The only author in this collection that I’ve read before is Clifton Adams. Of the others, Chadwick and Ames entertained me enough to want to read more by them. Obets’ story didn’t grab me enough to make me want to search out more of his work.

Overall, this was an entertaining enough pulp that is worth reading if you can find a copy.

Sunday 15 October 2023


By Steve Hockensmith
Rough Edges Press, October 2023

The A.A. Western Detective Agency takes on a new case in 1894 Wyoming, a land of bandit gangs and rustlers, when a group of scientists come to town in the hopes of rustling up something very different – dinosaur fossils. 

With Big Red and Old Red Amlingmeyer on protection duty, Old Red's obsession with Sherlock Holmes is forced to take a back seat. Until a human body is shockingly discovered during an excavation, that is. 

As the mystery deepens, these cowboy detectives must put their sleuthing skills to the test to catch a killer stalking their client's dig site. 

With death lurking around every corner, can the Double-A Western Detective Agency catch the killer before it's too late?

It's been a few years since the Amlingmeyer brothers last rode the range, so it’s great to see them return in a new adventure involving rival groups of palaeontologists squabbling over the discovery of the bones of the largest and most complete diplodocus ever found. It’s the remains of this dinosaur that the Amlingmeyer’s have been hired to guard, but when Old Red unearths a much newer corpse buried in the dig site the job becomes much more complicated as a murderer has to be unmasked. Old Red is soon in his element as he sets to discover just who the killer is and why, using methods learnt from reading how his idol, Sherlock Holmes, goes about identifying murderers. 

The story is told in the first person, through Big Red, and his humorous observations are a delight to read and gave me many laugh-out-loud moments. Big Red’s relationship with one of the other operatives from the A.A. Western Detective Agency, Eskaminzim, also had me grinning as the Apache proved over and over again how easy it would be to kill Big Red.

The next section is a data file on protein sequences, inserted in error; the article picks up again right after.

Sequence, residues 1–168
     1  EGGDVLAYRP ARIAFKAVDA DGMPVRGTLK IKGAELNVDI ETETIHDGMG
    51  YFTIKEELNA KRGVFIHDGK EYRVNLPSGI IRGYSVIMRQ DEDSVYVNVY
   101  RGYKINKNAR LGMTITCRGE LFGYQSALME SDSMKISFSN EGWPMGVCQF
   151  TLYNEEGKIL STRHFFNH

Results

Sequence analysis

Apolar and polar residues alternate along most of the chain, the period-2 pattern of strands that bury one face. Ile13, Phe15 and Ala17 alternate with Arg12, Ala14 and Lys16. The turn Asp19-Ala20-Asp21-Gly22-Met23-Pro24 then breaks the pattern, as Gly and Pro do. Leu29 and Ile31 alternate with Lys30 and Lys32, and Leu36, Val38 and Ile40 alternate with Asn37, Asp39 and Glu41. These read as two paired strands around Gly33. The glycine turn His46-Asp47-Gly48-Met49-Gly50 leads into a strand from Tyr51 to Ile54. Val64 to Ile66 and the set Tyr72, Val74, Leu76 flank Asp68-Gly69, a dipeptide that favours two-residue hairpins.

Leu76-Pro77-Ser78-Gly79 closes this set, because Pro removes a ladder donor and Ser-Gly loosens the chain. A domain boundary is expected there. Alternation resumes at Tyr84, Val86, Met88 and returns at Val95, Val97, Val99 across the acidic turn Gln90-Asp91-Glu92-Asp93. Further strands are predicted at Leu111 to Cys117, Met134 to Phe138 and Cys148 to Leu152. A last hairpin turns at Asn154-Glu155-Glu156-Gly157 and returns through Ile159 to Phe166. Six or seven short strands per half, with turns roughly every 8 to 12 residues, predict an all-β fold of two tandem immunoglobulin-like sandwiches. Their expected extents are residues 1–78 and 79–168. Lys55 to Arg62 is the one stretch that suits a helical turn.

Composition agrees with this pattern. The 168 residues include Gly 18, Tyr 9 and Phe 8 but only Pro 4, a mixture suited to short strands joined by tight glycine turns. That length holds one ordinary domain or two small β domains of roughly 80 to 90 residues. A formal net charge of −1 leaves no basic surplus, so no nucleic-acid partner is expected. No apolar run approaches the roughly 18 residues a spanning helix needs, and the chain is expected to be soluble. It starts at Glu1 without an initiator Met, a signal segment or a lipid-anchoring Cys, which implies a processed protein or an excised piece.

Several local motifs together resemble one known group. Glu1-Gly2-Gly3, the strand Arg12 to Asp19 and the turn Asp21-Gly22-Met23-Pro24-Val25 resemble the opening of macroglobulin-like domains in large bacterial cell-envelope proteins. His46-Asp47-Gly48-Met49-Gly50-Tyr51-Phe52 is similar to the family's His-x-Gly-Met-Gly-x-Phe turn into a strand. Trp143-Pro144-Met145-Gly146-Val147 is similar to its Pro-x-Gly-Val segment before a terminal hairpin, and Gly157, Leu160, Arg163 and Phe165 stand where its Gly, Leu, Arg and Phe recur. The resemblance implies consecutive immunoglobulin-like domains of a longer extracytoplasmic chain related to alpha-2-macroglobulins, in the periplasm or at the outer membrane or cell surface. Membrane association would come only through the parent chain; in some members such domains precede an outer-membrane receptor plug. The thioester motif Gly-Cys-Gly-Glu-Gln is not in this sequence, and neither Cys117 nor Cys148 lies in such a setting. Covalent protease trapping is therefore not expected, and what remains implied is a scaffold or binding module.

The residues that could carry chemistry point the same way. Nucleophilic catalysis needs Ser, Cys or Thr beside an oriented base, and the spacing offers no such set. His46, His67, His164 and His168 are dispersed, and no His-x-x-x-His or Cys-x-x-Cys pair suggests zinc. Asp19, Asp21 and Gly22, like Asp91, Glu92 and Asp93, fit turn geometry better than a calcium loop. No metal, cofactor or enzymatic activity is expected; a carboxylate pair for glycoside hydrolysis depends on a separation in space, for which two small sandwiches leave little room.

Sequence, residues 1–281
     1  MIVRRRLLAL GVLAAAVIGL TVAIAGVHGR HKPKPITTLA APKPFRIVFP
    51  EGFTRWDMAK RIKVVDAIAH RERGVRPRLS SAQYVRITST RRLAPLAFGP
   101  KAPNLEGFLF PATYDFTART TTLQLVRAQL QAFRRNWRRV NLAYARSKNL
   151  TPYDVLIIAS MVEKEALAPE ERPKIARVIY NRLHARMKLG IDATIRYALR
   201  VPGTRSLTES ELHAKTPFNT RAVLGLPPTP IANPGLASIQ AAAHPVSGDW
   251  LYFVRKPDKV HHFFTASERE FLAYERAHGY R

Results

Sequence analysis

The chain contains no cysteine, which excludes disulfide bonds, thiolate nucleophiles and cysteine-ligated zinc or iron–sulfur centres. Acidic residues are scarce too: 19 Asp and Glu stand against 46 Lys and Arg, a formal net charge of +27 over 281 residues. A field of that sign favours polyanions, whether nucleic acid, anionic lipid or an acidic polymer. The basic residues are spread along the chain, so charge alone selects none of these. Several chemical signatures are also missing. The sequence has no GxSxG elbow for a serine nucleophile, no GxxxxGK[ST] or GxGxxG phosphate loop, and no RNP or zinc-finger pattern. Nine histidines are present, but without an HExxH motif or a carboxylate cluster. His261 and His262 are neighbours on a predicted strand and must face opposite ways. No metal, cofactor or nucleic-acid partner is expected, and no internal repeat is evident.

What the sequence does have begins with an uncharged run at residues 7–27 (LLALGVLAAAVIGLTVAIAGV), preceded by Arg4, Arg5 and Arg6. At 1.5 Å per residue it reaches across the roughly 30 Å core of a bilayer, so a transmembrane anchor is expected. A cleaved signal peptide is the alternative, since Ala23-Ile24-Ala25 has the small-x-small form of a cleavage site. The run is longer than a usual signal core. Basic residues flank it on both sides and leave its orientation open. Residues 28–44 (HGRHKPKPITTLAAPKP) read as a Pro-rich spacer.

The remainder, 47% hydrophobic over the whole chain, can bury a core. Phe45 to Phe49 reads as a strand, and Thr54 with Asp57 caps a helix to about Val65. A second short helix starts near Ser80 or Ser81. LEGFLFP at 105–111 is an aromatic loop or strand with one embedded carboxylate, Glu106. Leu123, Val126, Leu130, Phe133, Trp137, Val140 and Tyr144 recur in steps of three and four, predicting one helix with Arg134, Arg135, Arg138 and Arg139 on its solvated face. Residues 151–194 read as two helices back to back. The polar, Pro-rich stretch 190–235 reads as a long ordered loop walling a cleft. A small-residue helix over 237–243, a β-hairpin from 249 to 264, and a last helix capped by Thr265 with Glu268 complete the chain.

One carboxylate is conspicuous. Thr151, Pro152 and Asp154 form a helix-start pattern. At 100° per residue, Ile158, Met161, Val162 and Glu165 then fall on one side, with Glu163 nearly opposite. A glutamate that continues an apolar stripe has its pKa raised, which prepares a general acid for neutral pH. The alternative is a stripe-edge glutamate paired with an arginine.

It doesn’t take long for Steve Hockensmith to make readers suspicious of all the characters. Any one of them could be the killer. Old Red mostly keeps his deductions close to his chest, unless he needs to reveal one of them to get a reaction that could lead to another clue. This puts both him and his brother is some very sticky situations that could easily lead to their deaths.

I gave up trying to work out who the murderer was and what was the motive behind the killing, and just read the book for pure enjoyment as I became captivated by the twisting plot and marvelled at how the smallest observation could become a major clue in solving the case. 

Although this story is mainly a murder mystery tale, it keeps a western feel throughout, and includes some excellent gunplay. The end of the book resolves everything neatly and also sets up another case for the Amlingmeyer brothers to solve. Hopefully I won’t have too long to wait before that story is published and, in the meantime, I’m off to munch on a nut butter sandwich.